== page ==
It's an unsavory job wherever you live. On Luaniua, the trash gets sorted into burnables, which are incinerated on the beach, and food waste, which is fed to the chickens and pigs. Everything that can't be safely burned or fed to the animals gets taken far out onto the reef at low tide for the ocean to flush away.
This was mostly my brother's job. Nathan would sneak through the village after dark with a bucket of tin cans, plastic, dried pens, empty toothpaste tubes, and foil packets, and then pick his way out to the yawning edge of the reef. Why wait for the sun to set? Because otherwise he'd collect a bevy of curious pikininis, who would pick through our trash, and then broadcast it throughout the village. Even our garbage was endlessly interesting to villagers who had basically lived the same life for centuries.
Sometimes, he would catch the tide on the way in, or dump too close to the beach. I always knew when this had happened, because the next morning there would be a week's worth of white man trash floating along the shore. The sodden re fried bean packets and jagged tomato cans always gave me a guilty, uneasy feeling. When you throw away trash, you want it to stay thrown away. You don't want to be reminded of the ghosts of things you've consumed.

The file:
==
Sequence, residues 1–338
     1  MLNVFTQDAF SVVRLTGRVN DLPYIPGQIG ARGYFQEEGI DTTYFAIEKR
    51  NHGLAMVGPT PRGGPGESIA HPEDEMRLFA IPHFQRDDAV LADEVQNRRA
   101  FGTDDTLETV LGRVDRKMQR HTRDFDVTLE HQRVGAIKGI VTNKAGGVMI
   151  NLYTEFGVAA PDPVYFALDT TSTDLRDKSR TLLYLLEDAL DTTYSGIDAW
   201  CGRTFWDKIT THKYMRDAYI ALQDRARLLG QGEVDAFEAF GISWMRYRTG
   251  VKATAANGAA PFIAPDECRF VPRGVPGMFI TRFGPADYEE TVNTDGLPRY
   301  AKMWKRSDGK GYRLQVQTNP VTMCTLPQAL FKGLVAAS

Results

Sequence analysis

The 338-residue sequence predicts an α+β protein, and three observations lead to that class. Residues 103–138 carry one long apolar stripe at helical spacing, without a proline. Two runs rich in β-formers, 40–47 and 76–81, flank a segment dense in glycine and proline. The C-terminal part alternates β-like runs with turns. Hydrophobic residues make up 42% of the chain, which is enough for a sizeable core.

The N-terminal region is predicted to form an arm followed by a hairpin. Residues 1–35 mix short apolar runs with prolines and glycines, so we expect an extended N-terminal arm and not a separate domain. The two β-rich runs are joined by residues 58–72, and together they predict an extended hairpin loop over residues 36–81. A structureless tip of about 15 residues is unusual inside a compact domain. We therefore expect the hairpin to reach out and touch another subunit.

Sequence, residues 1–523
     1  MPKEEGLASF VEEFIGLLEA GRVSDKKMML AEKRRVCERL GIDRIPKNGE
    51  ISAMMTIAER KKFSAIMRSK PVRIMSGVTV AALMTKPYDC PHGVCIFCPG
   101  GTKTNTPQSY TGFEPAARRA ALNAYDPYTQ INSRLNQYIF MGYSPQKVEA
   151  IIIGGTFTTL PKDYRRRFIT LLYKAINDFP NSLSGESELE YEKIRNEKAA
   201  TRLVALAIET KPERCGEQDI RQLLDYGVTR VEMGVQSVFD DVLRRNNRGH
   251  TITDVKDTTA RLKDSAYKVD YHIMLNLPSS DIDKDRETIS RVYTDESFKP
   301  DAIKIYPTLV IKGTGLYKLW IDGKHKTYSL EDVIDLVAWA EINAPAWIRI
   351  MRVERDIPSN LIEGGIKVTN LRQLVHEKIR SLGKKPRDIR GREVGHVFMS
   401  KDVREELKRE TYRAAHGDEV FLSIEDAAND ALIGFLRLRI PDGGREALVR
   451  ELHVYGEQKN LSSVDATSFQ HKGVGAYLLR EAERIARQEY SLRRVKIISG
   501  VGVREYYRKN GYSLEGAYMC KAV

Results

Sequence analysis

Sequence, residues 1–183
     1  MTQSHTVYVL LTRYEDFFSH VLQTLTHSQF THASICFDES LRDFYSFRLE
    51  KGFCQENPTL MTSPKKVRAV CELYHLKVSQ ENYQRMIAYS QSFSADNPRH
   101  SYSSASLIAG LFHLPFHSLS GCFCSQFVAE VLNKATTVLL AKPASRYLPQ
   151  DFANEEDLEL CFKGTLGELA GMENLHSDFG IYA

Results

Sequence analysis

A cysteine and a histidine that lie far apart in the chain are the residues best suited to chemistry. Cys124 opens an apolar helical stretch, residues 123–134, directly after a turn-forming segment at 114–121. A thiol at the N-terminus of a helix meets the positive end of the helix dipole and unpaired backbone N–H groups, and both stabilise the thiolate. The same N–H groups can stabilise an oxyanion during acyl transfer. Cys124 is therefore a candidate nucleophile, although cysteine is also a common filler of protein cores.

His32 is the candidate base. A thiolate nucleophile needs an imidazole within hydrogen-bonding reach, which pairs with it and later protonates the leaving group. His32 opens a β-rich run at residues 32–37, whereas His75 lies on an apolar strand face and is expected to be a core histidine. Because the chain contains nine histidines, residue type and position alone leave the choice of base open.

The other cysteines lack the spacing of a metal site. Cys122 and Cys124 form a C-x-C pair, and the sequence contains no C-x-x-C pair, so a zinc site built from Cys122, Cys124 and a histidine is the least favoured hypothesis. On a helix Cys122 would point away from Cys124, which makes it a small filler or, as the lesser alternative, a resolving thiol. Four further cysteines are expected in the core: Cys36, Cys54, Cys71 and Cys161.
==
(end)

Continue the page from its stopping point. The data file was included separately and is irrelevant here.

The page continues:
There are people in my life with whom I share a history of hurt. When I don't interact with them, I'm fine. The trash stays out on the reef where it belongs. But then something happens to trigger conflict, and suddenly the tide comes rushing in and I'm staring at the sodden mess of old things. Nasty old words and hurts that can't be burned away. And I have this boiling, seething mess of garbage I have to look at again. Forgive again.
I used to think that once I forgive a hurt, it gets washed out to sea. I don't ever have to look at it again. But I've learned that sometimes, I have to chose to forgive the same offense over and over again, because it resurrects itself in my heart whenever trouble rolls in.
All I know to do is look at each bit of trash as it floats by, and say to myself, "Yep. That hurt. But I forgive."